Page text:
Protection and Advocacy Services
How Protection and Advocacy Services May Help You
Protection and Advocacy (P&A) agencies are among the best advocates for individuals with disabilities. They break down barriers, make all aspects of society more accessible, and work to overcome past discrimination. P&A's have the authority to provide legal representation and other services. Where appropriate and available, they may provide training and technical assistance, legal support and legislative advocacy.
The concept of P&A's was first created in 1975 in response to prominently reported abuse and neglect in mental health care in New York. Thus, P&A systems were first incorporated into the renewal of Federal developmental disabilities legislation. Eventually, Congress expanded the role of P&A services from the mental health sector to a variety of other legislative contexts and programs including rehabilitation and assistive technology. For example, just within the past decade, Congress has authorized P&A programs in the Ticket to Work and Work Incentives Improvement Act (TWWIIA), which assists Social Security beneficiaries who wish to return to work, and the Help America Vote Act (HAVA), which secures election access for voters with disabilities. Congressionally mandated P&A systems and related Client Assistance Programs (CAP) have grown into a nationwide network with offices in each of the 50 states. The P&A/CAP system is now the largest provider of advocacy services for persons with disabilities in the country. This network serves a wide variety of purposes guarding against abuses, advocating basic legal rights, and ensuring accountability in health care, education, employment, housing, transportation and criminal justice.
One area of particular need and interest for the disability community is in the administration of Social Security benefits. In 1999, the TWWIIA program was enacted to help beneficiaries of Social Security with an overall goal of returning to work. This legislation, codified at 42 U.S.C. sec. 1320b-21, includes a P&A named PABSS (Program for Beneficiaries of Social Security) that helps persons with disabilities obtain information, advice and advocacy in a variety of areas as long as they are generally related to employment. For example, this P&A is authorized to provide advocacy and related services to individuals with disabilities in the following comprehensive areas: disability benefits and work incentives, rights and conditions of employment, wage and hour issues, vocational rehabilitation and preparation, health care, rights and reasonable accommodation under the Americans with Disabilities Act (ADA), access to and disputes with community services, special education and transition issues, transportation concerns, and housing problems. Although P&A agencies are not required to take every case, whenever their services are available, they are generally provided free of charge.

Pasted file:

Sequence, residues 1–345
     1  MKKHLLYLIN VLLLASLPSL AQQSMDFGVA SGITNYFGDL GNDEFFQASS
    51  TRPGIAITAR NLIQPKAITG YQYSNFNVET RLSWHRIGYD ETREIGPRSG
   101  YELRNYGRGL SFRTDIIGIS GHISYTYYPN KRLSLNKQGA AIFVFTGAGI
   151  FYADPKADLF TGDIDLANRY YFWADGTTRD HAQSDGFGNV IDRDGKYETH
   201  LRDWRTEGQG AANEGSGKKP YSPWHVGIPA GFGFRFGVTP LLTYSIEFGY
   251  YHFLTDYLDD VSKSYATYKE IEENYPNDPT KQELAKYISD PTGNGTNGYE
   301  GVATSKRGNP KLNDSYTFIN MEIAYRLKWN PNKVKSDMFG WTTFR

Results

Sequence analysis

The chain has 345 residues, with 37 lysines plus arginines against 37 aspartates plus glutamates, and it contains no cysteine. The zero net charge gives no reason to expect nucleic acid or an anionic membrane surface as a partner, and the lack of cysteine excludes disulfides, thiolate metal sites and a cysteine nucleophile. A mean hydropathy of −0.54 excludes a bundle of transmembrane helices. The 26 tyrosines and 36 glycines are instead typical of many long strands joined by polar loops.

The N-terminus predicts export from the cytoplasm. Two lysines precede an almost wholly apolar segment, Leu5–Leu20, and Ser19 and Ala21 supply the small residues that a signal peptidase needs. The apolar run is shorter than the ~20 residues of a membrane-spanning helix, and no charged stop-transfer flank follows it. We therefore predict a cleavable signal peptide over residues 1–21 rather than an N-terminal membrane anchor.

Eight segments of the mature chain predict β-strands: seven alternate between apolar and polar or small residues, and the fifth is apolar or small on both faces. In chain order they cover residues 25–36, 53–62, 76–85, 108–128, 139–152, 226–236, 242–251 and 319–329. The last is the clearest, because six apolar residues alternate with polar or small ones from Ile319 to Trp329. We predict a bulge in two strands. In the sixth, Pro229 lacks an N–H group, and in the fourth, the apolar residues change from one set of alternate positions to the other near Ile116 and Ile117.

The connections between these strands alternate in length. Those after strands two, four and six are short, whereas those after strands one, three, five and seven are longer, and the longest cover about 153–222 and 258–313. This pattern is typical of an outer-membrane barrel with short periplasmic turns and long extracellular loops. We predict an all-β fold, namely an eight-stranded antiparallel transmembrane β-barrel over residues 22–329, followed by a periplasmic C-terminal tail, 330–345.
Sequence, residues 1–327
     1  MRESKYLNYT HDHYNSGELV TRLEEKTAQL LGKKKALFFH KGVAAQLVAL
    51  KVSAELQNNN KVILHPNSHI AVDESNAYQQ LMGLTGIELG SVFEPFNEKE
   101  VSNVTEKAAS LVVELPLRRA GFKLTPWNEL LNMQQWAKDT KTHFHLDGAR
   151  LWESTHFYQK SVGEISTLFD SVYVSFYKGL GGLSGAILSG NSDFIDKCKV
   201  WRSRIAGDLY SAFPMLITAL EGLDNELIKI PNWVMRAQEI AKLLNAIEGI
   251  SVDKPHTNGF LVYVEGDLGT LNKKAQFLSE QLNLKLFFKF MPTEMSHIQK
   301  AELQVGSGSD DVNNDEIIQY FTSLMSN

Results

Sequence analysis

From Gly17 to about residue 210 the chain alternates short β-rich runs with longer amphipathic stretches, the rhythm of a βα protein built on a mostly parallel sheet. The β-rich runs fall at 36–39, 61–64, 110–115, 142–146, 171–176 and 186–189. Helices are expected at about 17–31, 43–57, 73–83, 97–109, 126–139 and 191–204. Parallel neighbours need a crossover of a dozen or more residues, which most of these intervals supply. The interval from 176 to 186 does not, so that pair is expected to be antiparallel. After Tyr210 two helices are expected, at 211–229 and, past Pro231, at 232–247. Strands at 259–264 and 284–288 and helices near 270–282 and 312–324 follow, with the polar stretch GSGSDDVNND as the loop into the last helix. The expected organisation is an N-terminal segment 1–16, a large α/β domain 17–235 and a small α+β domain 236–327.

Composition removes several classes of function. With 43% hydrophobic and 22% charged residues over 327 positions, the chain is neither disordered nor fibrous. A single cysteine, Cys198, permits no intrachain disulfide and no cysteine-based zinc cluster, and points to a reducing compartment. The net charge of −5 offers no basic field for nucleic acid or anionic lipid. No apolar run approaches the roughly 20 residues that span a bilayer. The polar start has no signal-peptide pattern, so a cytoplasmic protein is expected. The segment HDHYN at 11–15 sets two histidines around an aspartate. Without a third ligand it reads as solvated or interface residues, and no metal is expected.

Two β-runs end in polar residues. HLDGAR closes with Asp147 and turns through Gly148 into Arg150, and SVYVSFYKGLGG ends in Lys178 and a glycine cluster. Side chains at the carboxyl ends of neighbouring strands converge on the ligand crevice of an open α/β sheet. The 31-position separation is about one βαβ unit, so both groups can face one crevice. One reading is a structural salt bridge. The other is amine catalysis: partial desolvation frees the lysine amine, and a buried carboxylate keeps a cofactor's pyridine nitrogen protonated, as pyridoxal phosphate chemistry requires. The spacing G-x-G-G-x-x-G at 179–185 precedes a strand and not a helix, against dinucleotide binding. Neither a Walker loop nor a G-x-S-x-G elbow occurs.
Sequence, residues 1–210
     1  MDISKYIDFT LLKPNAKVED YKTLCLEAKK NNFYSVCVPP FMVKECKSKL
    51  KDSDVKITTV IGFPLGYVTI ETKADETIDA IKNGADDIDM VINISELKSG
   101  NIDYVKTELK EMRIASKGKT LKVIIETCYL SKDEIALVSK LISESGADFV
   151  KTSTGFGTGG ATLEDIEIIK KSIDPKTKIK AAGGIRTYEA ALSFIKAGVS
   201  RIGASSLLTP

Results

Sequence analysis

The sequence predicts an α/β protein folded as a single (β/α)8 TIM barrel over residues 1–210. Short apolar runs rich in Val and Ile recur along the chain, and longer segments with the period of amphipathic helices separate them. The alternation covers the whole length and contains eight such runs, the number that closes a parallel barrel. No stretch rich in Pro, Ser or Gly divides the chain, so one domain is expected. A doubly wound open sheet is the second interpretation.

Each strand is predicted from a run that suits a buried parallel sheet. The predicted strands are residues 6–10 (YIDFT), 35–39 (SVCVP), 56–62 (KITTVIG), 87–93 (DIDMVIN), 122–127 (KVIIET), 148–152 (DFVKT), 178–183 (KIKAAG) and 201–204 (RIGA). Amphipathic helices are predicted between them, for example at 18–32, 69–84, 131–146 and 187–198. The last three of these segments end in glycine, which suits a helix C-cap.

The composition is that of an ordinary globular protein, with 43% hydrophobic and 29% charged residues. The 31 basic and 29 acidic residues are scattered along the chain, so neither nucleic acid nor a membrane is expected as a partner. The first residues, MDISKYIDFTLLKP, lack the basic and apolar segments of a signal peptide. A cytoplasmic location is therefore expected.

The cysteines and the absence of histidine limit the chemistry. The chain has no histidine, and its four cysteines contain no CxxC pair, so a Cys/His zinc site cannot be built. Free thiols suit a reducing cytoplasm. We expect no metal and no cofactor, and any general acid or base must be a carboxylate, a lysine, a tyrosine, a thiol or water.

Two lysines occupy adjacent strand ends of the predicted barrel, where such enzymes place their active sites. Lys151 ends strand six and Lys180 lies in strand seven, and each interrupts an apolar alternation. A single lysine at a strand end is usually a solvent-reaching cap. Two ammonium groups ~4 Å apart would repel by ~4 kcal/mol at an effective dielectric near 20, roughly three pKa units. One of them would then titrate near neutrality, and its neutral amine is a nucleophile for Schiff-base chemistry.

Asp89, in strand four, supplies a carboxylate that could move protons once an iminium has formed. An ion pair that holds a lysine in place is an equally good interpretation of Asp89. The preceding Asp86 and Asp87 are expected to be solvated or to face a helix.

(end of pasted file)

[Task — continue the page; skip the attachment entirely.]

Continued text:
There are a number of specific areas where the PABSS agency is not authorized to provide assistance. Such areas include: direct cash assistance; advice or representation with personal injury, malpractice or criminal defense matters; attempts to obtain guardianship; and property and probate issues. In addition, this P&A agency is not permitted to offer advice or advocacy on issues that are not generally related to the disabled beneficiary's employment nor may it assist with an initial Social Security disability determination. Instead, help with Social Security determinations should be sought from agency personnel, legal aid services or private attorneys.
To explore whether a P&A may help you with a Social Security matter or other legal issue, you should consult the National Disability Rights Network:
National Disability Rights Network
900 Second Street NE, Suite 211
Washington, DC 20002
fax: (202) 408-9520
email inquiries: firstname.lastname@example.org